Chelsea were an ageing squad last season, lacking pace and guile in the final third. In came Eden Hazard, Marko Marin and Oscar – three talented young creative midfielders.
Even Liverpool and Tottenham have identified priorities, prodded by the introduction of new faces in their dug-outs. Fabio Borini has been bought to score the goals to supplement Luis Suarez, but it will take time. Defeat to West Brom just demonstrates the size of the task at hand for Brendan Rodgers.
Over in north London, Andre Villas-Boas clearly wants a defensive clear-out – Michael Dawson, William Gallas and Sebastian Bassong all look likely to leave. Still, their summer hinges on Luka Modric.
Their desperate need – a striker – requires the cash from Real Madrid. Once the Croatian's transfer is cleared expect the dominos to fall into place, with Emmanuel Adebayor, Fernando Llorente and Leandro Damiao linked with White Hart Lane.
200 miles away at Old Trafford, the transfer strategy looks cloudier. Rocked by injuries to key defenders, fielding Antonio Valencia at right back – Rafael left to watch on from the bench – and Michael Carrick at centre-back highlights their vulnerabilities pretty spectacularly.
In midfield, an old United reject, Darron Gibson, looked imposing against Cleverley and Scholes, and for 85 of the 90 minutes, Everton out-worked the United setup across the pitch.
Identifying value in a crowded, and often unbalanced marketplace, is tricky. Sir Alex Ferguson has proven himself adept, though not without mistakes - Juan Sebastian Veron and Dimitar Berbatov - and has often pointed out the excesses of Manchester City and Chelsea that distort fees for the rest of the market.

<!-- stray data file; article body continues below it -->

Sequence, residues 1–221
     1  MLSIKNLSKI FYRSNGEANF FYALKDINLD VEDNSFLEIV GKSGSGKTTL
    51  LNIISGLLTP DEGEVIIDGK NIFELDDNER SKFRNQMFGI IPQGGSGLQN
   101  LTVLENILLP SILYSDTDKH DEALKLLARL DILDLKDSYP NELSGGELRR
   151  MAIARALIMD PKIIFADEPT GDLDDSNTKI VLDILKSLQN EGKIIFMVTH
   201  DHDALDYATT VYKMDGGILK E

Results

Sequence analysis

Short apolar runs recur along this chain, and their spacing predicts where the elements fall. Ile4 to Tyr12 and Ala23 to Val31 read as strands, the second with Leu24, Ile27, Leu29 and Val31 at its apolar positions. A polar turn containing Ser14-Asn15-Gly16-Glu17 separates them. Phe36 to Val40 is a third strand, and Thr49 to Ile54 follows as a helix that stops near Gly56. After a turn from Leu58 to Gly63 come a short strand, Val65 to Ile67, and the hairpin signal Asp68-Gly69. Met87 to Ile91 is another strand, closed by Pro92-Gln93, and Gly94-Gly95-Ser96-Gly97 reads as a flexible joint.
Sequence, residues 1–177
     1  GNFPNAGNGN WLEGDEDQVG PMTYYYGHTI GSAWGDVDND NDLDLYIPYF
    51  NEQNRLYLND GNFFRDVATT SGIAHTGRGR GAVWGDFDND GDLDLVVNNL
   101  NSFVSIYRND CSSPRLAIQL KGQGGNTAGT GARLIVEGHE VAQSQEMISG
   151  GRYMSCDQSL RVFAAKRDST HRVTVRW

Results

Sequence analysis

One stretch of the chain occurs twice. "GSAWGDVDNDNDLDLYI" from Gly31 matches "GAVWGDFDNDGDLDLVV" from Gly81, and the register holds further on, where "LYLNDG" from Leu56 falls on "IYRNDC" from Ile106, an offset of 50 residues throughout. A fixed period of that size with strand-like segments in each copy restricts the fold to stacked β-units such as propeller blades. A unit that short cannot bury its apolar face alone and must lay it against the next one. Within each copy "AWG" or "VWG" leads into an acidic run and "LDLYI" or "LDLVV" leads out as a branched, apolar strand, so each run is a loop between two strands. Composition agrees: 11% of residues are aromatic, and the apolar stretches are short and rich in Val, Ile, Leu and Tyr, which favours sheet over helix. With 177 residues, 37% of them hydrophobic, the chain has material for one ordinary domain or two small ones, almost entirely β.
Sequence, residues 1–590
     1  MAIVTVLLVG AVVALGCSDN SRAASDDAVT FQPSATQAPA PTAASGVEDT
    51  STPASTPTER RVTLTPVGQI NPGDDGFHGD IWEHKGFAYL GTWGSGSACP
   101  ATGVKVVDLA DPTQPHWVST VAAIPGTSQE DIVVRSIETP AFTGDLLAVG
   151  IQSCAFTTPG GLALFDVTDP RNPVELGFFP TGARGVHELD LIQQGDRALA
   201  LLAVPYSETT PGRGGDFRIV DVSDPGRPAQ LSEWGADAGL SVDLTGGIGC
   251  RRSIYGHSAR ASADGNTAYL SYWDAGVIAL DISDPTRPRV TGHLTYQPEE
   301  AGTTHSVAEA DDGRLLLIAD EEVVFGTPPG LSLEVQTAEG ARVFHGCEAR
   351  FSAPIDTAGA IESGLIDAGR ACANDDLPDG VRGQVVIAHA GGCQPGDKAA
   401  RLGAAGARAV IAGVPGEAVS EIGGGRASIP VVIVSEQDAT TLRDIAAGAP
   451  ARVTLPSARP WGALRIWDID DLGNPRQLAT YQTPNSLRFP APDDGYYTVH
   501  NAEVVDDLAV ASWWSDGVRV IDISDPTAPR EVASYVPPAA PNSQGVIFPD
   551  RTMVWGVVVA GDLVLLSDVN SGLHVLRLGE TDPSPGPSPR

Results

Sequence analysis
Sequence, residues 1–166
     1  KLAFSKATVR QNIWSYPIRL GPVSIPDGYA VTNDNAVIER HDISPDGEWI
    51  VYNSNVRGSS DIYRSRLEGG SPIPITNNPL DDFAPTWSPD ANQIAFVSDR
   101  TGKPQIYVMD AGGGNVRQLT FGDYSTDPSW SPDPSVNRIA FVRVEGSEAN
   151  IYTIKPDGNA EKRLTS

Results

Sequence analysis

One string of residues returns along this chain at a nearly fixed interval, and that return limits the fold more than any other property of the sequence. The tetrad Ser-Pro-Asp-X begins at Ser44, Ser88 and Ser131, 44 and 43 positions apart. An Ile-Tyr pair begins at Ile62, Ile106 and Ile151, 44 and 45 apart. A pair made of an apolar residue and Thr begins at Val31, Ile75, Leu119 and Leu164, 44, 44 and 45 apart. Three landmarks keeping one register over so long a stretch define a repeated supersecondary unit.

But at 29-years-old, is £24m for Robin van Persie really the best value in the market? The question is purely subjective, but surely Luka Modric at £35m is equally good, if not better value, looking at longevity, future production and team needs.
Signing the Premier League’s top scorer is never a bad thing. Partnering him with the league second’s highest scorer is even better, and makes a great forward line.
But for United, desperate to extinguish the memory of last season, improvement wasn’t required up-front. Danny Welbeck was blossoming, Javier Hernandez poised, according to Ferguson himself, for a return to the form of his debut season after a summer break.
Where they were lacking was at the back, with Vidic out of action for more than half the campaign, and in the middle of midfield.
Neither concern has been addressed. The battle for the league will likely be as close as last season. But United are running out of time to address the deficiencies of their last campaign. Just 10 days remain until the transfer deadline.
The last few days, hours and minutes of a summer transfer window are always the most frantic, but wading into the market in the dying minutes is not United form.
Instead, the Red Devils look to have settled with the squad they’ve got. Whether it’s enough to break the City stranglehold, only time will tell. Upgrades were needed, and RVP is a great addition, but the Dutchman addresses a problem few felt United had last season. Centre midfield will be where United win and lose titles over the next few years.